To consolidate, disseminate, and gather information concerning the 710 expansion into our San Rafael neighborhood and into our surrounding neighborhoods. If you have an item that you would like posted on this blog, please e-mail the item to Peggy Drouet at pdrouet@earthlink.net

Tuesday, August 18, 2015

Planning Our City for People or for Cars


By Ryan Snyder, August 18, 2015


MOBILITY 2035 THE DISCUSSION--The City of Los Angeles has taken an historical turnabout in placing higher priority on people than cars in its recently passed Mobility Plan 2035.Its Vision Zero goal is to eliminate traffic fatalities; something we have always just assumed was a fair price for transporting ourselves. As a long-time critic of an autocentric Department of Transportation (DOT), for the first time I can now say I am very proud of DOT, our Planning Department and our City. 

Mobility Plan 2035 calls for many new miles of bus lanes, protected bike lanes and pedestrian safety improvements. We’ll have new ways of getting around. Safety comes first in this plan, even if it comes at the expense of slowing cars.  It seems so logical, but it took us way too long to conclude that people’s lives are more important that saving motorists five or ten seconds. 

Mobility Plan 2035 recognizes that we have to address climate change, health, safety, and overall livability. Planning our city for people does that.  Planning for automobility undermines all of those goals.  

While I believe that addressing climate change is the most urgent of these, I first want to focus on livability. Think of our favorite cities  -- Santa Monica, Santa Barbara, San Francisco, Boston, Washington DC, Barcelona, Paris – they are places that put people first. You can walk, bicycle or take transit.  But having not sacrificed the soul of these places to the auto leaves them livable, interesting, rich in architecture, and places you’d want to live or visit.  

Now think of the cities that place the auto first – suburban San Bernardino County (or much of southern California for that matter), Phoenix or Houston. Are these places you want to visit on the weekends, take your out of town visitors to show, or go to on vacation?  Would you choose to live there?  I doubt it. 

When we plan our city so that it is safe for an 8-year old boy to walk to school, or our 80-year old mother to walk to the store, we plan a city that is good for people.  When we make it safe to bicycle to work, we plan a healthy city where Type II diabetes and premature heart ailments are kept in check. When we make it convenient to use public transit, we clean our air and reduce the threat of climate change.  When we plan this way, we plan a safe, healthy, livable, sustainable community.  That’s what Mobility Plan 2035 is about. 

Detractors are already complaining about congestion that might result from the Plan. As if congestion is our greatest worry.  This may be a shocker to some, but congestion shouldn’t be our greatest concern.  When it is, we just seek ways to keep the cars moving at the expense of all of our other community goals.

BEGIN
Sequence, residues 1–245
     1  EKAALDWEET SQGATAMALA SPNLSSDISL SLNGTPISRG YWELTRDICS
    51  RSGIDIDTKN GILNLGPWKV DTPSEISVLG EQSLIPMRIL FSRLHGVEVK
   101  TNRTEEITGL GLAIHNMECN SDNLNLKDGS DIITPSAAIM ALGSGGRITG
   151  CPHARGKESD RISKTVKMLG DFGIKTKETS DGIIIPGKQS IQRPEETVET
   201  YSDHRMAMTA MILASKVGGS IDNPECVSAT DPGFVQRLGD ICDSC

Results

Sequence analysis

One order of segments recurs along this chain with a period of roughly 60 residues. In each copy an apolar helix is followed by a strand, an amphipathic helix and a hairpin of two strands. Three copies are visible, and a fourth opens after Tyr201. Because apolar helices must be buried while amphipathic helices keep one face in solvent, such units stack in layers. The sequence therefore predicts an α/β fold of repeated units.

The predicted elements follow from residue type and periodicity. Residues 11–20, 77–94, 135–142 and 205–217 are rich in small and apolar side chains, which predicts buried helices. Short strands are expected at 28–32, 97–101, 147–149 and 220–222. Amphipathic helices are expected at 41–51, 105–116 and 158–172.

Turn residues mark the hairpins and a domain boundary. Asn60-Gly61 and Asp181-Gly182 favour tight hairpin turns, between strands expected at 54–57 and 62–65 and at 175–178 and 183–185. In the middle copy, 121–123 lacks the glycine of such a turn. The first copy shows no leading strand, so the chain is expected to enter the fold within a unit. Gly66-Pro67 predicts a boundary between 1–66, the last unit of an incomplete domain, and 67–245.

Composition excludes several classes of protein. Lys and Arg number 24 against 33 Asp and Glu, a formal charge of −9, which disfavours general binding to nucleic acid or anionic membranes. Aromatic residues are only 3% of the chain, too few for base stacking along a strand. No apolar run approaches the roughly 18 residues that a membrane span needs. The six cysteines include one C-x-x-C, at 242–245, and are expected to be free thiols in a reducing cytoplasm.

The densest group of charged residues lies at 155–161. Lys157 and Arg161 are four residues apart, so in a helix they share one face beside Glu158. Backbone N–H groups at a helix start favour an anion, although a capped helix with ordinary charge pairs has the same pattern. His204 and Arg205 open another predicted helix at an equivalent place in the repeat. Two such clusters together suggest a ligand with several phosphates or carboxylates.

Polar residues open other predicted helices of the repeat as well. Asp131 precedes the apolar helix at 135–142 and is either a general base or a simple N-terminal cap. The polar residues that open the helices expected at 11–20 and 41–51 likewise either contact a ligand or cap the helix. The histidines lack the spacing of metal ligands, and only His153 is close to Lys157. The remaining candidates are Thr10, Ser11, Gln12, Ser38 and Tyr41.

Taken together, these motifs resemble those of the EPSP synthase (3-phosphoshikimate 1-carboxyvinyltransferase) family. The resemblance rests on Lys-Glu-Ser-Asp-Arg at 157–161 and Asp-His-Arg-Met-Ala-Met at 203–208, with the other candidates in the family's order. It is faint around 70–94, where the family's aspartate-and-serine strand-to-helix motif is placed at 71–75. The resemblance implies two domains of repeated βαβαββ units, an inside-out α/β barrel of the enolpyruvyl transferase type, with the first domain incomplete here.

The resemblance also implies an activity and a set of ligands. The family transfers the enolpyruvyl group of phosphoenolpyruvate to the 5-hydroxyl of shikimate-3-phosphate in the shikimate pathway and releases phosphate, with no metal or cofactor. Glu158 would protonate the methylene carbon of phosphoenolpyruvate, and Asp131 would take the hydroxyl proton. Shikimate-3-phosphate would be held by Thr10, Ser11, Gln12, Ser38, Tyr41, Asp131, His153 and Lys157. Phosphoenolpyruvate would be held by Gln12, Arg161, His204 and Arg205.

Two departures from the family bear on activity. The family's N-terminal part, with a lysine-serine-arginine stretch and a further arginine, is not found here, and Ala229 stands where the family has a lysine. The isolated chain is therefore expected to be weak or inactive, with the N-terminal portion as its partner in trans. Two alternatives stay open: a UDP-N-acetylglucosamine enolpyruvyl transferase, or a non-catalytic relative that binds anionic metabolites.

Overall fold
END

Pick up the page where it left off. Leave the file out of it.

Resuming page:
Some people are threatening to sue.  These are the same people who scream about traffic congestion, and are the ones who fight attempts to provide attractive alternatives so that we don’t have to be stuck in congestion.  You can’t complain about congestion, and at the same time, complain about providing options to driving. Let’s be clear about one thing – it’s the cars that cause the congestion.  It’s not bicycles, buses or people walking. It’s cars. One person taking up 150 square feet of street space wherever they go causes congestion.

Let’s be clear about another thing. Each of us driving around with two tons of steel never was a sustainable transportation mode. Cars are largely responsible for climate change and this is the greatest threat to humankind. Tiny concerns over traffic congestion pale in comparison to the destruction of human habitability that awaits us from climate change if we keep our heads in the sand and fail to address it with great urgency. 

With the drought in California we have come to see that we are all responsible to do our part in reducing our water use. We have to adopt the same mentality when it comes to driving. We all need to do our part to carpool, walk, take the bus, or bicycle when we can. We need more attractive transportation options in order for more of us to use other modes.  We should embrace these options, not fight them. 

Most disturbing are the City Councilmembers who want to gut the Mobility Plan out of concerns over traffic congestion. Paul Koretz wants to take bike lanes off of Westwood Boulevard, the street leading into UCLA.  A plan has been sent to Koretz’s office that shows that bike lanes could be added to Westwood Boulevard without removing any travel lanes or parking.  No skin off of anyone’s nose.   

Despite widespread community support for the bike lanes, Koretz is carrying water for a small group of well-heeled homeowner association leaders that don’t want people on bicycles in their way when they drive. These are the same people who convinced him to remove the bus lanes from Wilshire Boulevard in their neighborhood. Councilmember Koretz simultaneously talks about the urgency of climate change, but his actions show he really cares more about re-election and he believes these people are key to that. 

Los Angeles is poised to move into the next era of transportation planning.  It’s one that can leave us a safer, healthier, sustainable and more livable city.  I hope the City Council has the wisdom to keep Mobility Plan 2035 in tact when a few Councilmembers look to appease the old guard.